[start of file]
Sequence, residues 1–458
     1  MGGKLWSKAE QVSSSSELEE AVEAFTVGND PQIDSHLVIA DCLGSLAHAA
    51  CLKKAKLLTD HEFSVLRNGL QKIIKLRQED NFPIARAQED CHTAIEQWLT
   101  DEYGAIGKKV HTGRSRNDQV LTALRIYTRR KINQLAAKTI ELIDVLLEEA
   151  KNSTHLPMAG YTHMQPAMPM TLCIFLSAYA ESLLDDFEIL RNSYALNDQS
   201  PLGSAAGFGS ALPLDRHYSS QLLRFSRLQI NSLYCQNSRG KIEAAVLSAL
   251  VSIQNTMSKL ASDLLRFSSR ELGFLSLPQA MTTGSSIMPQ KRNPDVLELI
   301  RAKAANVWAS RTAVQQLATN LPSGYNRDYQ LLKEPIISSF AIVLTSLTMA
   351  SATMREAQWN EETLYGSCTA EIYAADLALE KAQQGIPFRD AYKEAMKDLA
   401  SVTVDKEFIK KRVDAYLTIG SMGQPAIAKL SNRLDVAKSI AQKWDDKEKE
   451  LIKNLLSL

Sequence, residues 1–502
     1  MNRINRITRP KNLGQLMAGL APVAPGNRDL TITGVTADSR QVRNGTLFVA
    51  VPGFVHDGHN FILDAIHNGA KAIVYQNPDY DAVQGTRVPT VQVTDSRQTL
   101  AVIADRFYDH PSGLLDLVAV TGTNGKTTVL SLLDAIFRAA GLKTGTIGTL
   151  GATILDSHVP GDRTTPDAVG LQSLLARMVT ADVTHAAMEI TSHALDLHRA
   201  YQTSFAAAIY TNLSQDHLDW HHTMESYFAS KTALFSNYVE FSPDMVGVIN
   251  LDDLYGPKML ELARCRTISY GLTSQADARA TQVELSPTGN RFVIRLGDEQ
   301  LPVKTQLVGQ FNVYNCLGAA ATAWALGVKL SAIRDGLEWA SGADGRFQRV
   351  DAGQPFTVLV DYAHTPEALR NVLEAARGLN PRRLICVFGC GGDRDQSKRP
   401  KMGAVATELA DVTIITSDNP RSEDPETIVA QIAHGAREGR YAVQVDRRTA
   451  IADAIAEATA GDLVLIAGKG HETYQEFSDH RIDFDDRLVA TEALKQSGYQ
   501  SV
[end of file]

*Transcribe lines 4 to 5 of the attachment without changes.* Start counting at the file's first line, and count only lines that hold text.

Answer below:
   101  DEYGAIGKKV HTGRSRNDQV LTALRIYTRR KINQLAAKTI ELIDVLLEEA
   151  KNSTHLPMAG YTHMQPAMPM TLCIFLSAYA ESLLDDFEIL RNSYALNDQS